Pop culture obsessives writing for the pop culture obsessed.
Pop culture obsessives writing for the pop culture obsessed.
Illustration for article titled Marebito

About five minutes into Takashi Shimizu's quickie horror film Marebito, a freelance videographer played by Shinya Tsukamoto watches some footage he shot in the subway of a man holding a knife to his own face. Suddenly, the man plunges the blade into his eye with a sickening squish. Tsukamoto freezes the image of the man with a knife in his eye socket, studies it for a few seconds, then rewinds. And the audience, naturally, squeals. Is Shimizu going to make us watch that again?

It's a bit of crowd-baiting worthy of Michael Haneke, but the scene also conveys much of what Grudge creator Shimizu means to say about the soul-sucking voyeurism of horror fans: that we crave the unimaginably awful, and will watch until it no longer shocks us. Shimizu and TV writer Chiaki Konaka—erstwhile scribe for Ultraman, Digimon, and Astro Boy—build on that scene, concocting an unsettling dream-narrative. Tsukamoto descends into the subway to find the eye-gouger's ghost, and instead finds naked vampire Tomomi Miyashita. He brings her to his wired-up apartment, feeds her a little of his blood, and starts looking for human fruit to squeeze.

Marebito is dotted with striking images that speak to the way a video-addicted culture becomes isolated from reality. Tsukamoto keeps tabs on his captive vampire lady by checking in via videophone, and at one point he sees the faces of passersby on the street as blurry blobs, until he looks through his viewfinder. Shimizu frequently films scenes of confrontation through Tsukamoto's camera, including one memorable moment when we know he's killed a woman because her blood splatters the lens.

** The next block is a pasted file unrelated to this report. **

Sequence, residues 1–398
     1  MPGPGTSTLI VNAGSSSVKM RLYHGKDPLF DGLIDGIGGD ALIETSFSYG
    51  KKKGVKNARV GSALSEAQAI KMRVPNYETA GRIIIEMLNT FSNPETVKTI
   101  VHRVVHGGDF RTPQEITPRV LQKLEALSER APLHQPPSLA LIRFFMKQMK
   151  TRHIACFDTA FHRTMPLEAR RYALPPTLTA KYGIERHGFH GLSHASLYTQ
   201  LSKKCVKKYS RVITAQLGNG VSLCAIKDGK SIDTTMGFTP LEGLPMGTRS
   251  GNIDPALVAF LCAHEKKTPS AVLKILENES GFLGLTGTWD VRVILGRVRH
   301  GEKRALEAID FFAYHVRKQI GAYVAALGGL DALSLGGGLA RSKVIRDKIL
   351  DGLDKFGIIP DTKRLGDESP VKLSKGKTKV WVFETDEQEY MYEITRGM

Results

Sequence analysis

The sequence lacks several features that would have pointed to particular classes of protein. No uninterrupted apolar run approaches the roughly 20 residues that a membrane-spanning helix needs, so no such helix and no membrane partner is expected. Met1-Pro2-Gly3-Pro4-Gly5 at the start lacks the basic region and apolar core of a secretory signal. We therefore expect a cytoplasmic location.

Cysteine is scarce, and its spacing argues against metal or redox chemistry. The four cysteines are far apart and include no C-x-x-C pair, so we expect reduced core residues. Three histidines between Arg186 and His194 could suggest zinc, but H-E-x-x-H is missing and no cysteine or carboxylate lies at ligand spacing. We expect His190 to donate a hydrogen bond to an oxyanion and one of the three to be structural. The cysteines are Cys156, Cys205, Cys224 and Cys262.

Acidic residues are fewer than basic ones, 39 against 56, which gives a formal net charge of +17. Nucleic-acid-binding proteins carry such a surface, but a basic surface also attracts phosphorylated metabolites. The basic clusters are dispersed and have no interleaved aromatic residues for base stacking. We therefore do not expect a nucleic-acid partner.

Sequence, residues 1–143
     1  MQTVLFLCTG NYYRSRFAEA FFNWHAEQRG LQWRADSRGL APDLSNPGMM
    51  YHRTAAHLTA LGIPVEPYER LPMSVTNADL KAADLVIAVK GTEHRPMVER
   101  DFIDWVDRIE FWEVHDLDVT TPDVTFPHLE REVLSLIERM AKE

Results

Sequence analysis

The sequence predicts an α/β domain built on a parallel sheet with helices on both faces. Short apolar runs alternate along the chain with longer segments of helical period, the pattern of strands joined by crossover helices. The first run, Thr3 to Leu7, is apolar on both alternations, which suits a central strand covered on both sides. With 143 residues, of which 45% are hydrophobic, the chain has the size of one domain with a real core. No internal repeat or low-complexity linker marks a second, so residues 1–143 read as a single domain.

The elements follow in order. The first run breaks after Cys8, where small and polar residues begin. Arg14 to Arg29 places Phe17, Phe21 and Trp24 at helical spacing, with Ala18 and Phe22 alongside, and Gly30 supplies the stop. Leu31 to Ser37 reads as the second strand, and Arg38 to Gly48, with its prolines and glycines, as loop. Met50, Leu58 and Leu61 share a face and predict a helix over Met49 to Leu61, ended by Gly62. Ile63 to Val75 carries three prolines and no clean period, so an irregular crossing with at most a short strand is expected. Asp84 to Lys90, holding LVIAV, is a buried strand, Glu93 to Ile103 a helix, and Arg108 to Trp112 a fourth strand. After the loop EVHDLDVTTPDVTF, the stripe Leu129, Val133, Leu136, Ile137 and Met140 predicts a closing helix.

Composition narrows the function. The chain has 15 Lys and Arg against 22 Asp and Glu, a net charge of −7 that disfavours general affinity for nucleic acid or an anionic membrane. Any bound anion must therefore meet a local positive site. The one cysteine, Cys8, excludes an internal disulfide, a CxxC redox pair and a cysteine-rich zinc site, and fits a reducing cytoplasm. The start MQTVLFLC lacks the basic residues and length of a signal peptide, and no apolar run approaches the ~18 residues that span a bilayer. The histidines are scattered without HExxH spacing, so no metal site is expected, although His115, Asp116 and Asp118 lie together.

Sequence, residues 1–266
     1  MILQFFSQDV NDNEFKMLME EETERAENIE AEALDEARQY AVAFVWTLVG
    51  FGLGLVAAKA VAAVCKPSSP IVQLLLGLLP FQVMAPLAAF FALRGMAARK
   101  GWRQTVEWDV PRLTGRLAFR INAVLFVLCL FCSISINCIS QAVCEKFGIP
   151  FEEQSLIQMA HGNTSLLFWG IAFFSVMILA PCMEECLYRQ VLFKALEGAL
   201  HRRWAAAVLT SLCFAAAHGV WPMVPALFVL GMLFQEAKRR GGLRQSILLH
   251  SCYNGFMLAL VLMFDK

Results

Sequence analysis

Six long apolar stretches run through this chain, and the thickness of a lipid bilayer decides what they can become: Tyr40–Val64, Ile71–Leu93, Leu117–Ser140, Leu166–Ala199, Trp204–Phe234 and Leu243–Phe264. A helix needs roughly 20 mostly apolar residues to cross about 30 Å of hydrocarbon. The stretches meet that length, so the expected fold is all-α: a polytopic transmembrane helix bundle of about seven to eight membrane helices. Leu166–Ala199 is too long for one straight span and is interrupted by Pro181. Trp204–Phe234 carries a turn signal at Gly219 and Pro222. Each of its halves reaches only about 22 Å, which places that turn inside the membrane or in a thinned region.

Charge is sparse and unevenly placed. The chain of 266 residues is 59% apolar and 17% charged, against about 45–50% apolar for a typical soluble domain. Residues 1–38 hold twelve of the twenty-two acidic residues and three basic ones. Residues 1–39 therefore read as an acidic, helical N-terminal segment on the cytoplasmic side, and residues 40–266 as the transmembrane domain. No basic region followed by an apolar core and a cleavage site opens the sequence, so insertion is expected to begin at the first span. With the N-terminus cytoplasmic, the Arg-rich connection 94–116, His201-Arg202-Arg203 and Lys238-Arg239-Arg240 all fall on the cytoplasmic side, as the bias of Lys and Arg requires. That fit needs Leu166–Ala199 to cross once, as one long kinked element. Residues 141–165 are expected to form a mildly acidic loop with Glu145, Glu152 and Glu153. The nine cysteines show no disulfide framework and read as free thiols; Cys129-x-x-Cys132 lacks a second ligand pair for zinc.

But unlike the elliptical, often explanation-free The Grudge, Marebito is wordy to the extreme. Konaka's near-constant narration underlines every point the movie is trying to make, ruminating bluntly on the meaning of fear, and how we suck on media violence like, yep, vampires. Maybe the jabber is intended to dull the J-horror tingle, or maybe it's just that a certain amount of navel-gazing is inevitable when a man looks at himself without taking the camera from his eye.